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05.02.2016 Opinion

Government Defence Anti-Corruption Index By Transparency International

By Daily Guide
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BY
KWAME GYASI
E-mail: [email protected],edu,gh
 
On Tuesday, January 19, 2016 at the Accra City Hotel (formerly Novotel Hotel) the Transparency International with its Ghana chapter, Ghana Integrity Initiative launched the African regional results of its 2015 Government Defence Anti-Corruption Index. (GI). 47 African countries including Ghana were covered in the African regional report

The Government Defence Anti-Corruption Index assesses the existence, the effectiveness, and enforcement of institutional and informal controls to manage the risk of corruption in defence and security institutions. The GI is designed to measure the risk of corruption in national defence and security establishments and to give an indication of how far they have adopted international best practice in key risk areas. The five risk areas identified for assessment were: political risk, financial risk, personnel risk, operations risk and procurement risk. The concept is that the defence and security sectors are subject to these five risk factors and therefore institutional controls must be put in place to mitigate those risk factors. The research attempts to quantify the extent of the presence of these risk factors and the institutional attempts to manage them.

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It is very important to understand what the GI is and what it is not. Unlike the Transparency International's Corruption Perception Index (CPI) which is the most well-known ranking of countries according to the perceived corruption of the public sectors, it is not a measure of perception. It does not cover the whole government and does not attempt to make policy judgments on issues outside defence and security. It is not designed to make broad comparisons between one government's approach to corruption and the other. Rather, it is designed to measure the risk of corruption in national defence and security establishments and to give an indication of how far they have adopted international best practice in managing the key risk areas.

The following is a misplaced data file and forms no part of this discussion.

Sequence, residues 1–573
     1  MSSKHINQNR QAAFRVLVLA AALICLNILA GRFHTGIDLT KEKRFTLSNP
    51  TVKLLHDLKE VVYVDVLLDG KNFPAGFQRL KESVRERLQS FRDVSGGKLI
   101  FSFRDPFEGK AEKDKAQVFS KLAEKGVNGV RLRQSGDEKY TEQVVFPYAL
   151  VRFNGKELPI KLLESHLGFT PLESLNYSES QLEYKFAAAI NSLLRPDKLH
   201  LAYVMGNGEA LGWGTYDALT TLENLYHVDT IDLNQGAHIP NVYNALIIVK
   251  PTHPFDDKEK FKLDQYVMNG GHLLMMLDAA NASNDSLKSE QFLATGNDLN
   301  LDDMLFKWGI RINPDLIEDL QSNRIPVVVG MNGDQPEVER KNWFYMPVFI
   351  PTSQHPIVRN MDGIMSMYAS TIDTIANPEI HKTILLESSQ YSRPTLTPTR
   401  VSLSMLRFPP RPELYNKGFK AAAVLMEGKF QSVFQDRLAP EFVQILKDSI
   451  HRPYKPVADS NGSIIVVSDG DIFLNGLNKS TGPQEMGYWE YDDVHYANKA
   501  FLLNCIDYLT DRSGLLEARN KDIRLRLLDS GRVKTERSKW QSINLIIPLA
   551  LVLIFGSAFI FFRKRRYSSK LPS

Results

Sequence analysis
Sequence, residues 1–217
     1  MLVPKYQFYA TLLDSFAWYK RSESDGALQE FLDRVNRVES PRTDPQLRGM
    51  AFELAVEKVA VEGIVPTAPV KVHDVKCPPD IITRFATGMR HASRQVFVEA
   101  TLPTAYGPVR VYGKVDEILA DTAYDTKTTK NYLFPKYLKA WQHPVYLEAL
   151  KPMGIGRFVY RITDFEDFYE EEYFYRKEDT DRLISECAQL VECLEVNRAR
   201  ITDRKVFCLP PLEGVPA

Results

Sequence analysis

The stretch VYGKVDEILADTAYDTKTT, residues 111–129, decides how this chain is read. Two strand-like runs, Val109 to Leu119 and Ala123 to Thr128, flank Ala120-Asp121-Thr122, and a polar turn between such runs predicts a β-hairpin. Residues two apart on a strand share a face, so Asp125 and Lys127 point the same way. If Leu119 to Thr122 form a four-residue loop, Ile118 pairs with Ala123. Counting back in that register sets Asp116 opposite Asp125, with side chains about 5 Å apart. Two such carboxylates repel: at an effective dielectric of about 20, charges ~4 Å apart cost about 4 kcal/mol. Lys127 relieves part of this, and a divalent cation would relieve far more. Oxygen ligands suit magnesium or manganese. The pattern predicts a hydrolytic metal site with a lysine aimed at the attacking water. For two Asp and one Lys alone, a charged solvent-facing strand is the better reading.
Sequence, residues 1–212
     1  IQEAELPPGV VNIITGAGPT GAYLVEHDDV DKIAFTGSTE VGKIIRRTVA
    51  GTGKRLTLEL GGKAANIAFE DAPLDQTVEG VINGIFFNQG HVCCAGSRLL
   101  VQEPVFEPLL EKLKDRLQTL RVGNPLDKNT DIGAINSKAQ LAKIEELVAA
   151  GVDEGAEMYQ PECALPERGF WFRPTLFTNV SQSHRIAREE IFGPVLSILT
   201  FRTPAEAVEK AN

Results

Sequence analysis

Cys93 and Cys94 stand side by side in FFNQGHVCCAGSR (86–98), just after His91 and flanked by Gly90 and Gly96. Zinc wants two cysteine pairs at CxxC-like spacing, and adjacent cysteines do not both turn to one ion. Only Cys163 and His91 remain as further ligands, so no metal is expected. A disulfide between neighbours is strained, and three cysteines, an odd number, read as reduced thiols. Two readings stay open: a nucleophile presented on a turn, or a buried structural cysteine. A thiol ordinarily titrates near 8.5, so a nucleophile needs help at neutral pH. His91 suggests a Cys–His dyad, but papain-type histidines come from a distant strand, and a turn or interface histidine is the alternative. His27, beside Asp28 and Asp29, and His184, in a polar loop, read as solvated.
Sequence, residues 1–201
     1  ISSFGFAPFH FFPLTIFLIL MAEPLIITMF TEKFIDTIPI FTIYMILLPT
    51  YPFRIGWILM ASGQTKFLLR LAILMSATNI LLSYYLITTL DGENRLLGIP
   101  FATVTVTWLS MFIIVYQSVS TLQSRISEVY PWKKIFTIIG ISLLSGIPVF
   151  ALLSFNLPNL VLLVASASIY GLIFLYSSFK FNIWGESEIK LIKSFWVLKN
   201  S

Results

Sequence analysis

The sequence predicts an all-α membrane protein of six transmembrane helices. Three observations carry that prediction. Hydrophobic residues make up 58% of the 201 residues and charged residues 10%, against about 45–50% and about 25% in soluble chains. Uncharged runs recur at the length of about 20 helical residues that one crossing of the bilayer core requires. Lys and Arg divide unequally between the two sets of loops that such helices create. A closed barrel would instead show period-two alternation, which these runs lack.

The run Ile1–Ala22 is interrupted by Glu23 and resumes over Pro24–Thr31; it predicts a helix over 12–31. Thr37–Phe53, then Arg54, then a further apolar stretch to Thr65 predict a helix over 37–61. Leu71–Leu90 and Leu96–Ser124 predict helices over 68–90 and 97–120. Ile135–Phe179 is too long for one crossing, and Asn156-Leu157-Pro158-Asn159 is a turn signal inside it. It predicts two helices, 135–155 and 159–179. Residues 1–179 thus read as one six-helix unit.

The GI scores each country from A (the best – very low risk) to F (the worst – critical risk). These bands are based on scores on assessment consisting of 77 questions. For each question, the government scored from 0 – 4.The percentage of overall marks determined which band the government was placed in. Each country is researched by an expert assessor using standard set of questions and model answers. The assessment is then independently reviewed by up to three peer reviewers and where possible, the TI national chapter. The government is also invited to conduct a review of the assessment and submit additional information.

When the first Index was published over two years ago, only a relatively small number of governments did so. The engagement this time was much bigger. The previous version of the Index covered only 18 African countries. At a meeting organised by UNDP in Senegal in 2014, there was a tremendous demand from both African governments and donors for more comprehensive coverage. And thanks to generous support from the government of The Netherlands.